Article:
Jake Arrieta and two Cubs relievers threw eight innings and gave up only two hits and a walk Tuesday evening at Wrigley Field.
Unfortunately, games aren't eight innings long and in the other inning -- the top of the fourth -- Arrieta got hit hard and allowed five hits and three runs and that turned out to be the difference in the Cubs' 3-2 loss to the Reds.
It was inexplicable. Arrieta had breezed through the Reds' lineup the first time around, retiring all nine hitters with two strikeouts and just two balls hit out of the infield. But Billy Hamilton led off the fourth with a single and stole second, and four hits later the Reds had a 3-0 lead. It might have been bigger if not for a wacky play in which Brandon Phillips wound up on third base after a Jay Bruce single, but Bruce was caught in a 7-6-3-4-3-6 rundown. Phillips, for his part, got landed on by Starlin Castro in an attempted play at third base and was down for a long time, tended to by Reds trainers. An inning later he left the game and was reported to have felt "lightheaded." I'm not a big fan of Phillips, but you hate to see anyone get hurt that way. A report like that might indicate a possible concussion. Hope Phillips is OK.
The Cubs, meanwhile, could not do a thing with Anthony DeSclafani. He gave up two hits and two walks in seven strong innings and only one runner (Dexter Fowler, who singled and stole second) got past first base. That's why it was so surprising to see the Reds lift DeSclafani for the eighth inning after only 97 pitches. Being so dominant, you'd figure they'd at least let him start the eighth, especially since the Reds' bullpen apart from Aroldis Chapman has been so awful this year.
That's why it gave great hope when former Cub Kevin Gregg took the mound to start the eighth. He began the inning by walking Matt Szczur and then Welington Castillo, batting for Zac Rosscup, launched Gregg's first pitch into the left-field basket. That was the first pinch-homer of Castillo's career and it sliced through the teeth of a pretty strong wind blowing in.
Gregg, who was pretty bad for the Marlins last year, has been worse for the Reds so far in 2015. He's made four appearances and allowed home runs in three of them. I'd suspect a release is in Gregg's near future.
Gregg retired the next two hitters but was then replaced by Tony Cingrani, a starter last year for the Reds. He promptly gave up a bouncy single to Anthony Rizzo and walked Jorge Soler. Now, here's the situation where you absolutely, positively have to bring in your closer -- the game's on the line and Chapman is, after all, very very good. Not only that, the Reds still would have had the platoon advantage over the next hitter, Chris Coghlan.
Chapman wasn't even warming up. But Cingrani rose to the occasion and struck out Coghlan. The Reds got away with managing to the save stat instead of the situation.
Chapman was then summoned to pitch the bottom of the ninth, and though he touched 100 miles per hour a couple times on the new Wrigley boards, his velocity seemed ever-so-slightly lower than previous appearances at Wrigley. Throwing essentially nothing but fastballs, he gave up a single to Castro. Miguel Montero flied to left, and then Szczur walked for the second straight time, putting the tying run in scoring position.
Unfortunately, David Ross and Mike Olt both struck out to end it. Give the Cubs some credit for getting baserunners against Chapman, something they haven't done much of in the past. Five hitters is the most Chapman has faced in any of his six appearances so far this year. The crowd was also really into the game, standing and cheering on almost every pitch in the eighth and ninth innings. As I wrote after Monday's game, the vibe is very, very different at Wrigley Field this year. For lack of a better term, it feels like the Cubs can come back and win just about any game, no matter what kind of hole they've dug for themselves. They didn't win Tuesday night, but I still feel very good about this team.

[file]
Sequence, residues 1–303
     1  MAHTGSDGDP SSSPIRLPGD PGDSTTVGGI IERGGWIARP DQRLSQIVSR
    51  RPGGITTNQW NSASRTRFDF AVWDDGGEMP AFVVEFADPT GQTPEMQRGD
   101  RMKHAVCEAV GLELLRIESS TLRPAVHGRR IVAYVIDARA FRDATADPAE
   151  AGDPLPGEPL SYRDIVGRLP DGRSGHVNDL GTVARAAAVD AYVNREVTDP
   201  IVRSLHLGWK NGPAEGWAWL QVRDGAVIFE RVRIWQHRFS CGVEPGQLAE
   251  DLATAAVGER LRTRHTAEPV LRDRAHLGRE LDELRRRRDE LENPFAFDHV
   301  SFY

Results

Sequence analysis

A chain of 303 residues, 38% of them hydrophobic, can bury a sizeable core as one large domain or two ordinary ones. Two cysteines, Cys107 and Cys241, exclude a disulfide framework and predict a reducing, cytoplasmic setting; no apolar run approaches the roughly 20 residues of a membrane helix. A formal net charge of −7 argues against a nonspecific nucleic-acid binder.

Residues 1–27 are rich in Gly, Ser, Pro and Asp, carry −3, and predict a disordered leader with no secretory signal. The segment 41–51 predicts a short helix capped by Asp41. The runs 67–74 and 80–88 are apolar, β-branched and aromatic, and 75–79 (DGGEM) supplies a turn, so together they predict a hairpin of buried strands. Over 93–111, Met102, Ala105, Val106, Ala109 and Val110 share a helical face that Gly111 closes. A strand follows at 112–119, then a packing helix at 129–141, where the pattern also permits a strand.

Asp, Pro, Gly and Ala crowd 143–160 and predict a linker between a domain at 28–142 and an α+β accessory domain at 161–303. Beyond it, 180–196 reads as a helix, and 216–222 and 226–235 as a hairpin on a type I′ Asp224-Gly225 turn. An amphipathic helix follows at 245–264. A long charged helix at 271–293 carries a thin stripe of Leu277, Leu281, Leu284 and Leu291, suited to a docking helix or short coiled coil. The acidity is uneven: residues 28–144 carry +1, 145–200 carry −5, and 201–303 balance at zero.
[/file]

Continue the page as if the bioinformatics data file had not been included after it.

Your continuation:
Let's talk a bit about the persistent Kris Bryant rumors. Tommy La Stella was placed on the disabled list Tuesday (retroactive to April 9) with what was termed "right rib cage inflammation." But no position player replaced him; instead, Rosscup was recalled, likely due to some perceived overwork from some of the other relievers. Rosscup threw very well Tuesday night, retiring four of the five hitters he faced and striking out Jay Bruce to end the eighth. I'd have to think a position player will replace the eighth reliever soon, whether it be Rosscup returning to Iowa or Brian Schlitter riding the shuttle to Des Moines.
But will that be Bryant? I still have my doubts. The key would seem to be the health of Olt, who didn't start Tuesday but did pinch hit and then stayed in to play third base. If Olt is healthy enough to start, there's no need to rush Bryant to Chicago over the weekend; instead, perhaps Christian Villanueva -- already on the 40-man roster -- could get his cuppa coffee in the big leagues. Or, Chris Denorfia could be reinstated from his rehab assignment; he's 1-for-3 with a walk in two rehab games at Myrtle Beach. The fact that Joe Maddon didn't hesitate to play Coghlan at second base for an inning indicates to me that the team isn't rushing Bryant. Here's what Theo said on the subject before Tuesday's game:
Could Bryant join #Cubs this homestand? Theo: "It depends on what's happening w/the roster, what's happening w/his development."— Carrie Muskat (@CarrieMuskat) April 14, 2015
Pretty noncommittal, in my view. I still think we see Bryant on the road in Pittsburgh or (more likely) Cincinnati, instead of this weekend.
The Cubs will try to win the series against the Reds Wednesday night; Travis Wood gets the call against former Cub Jason Marquis.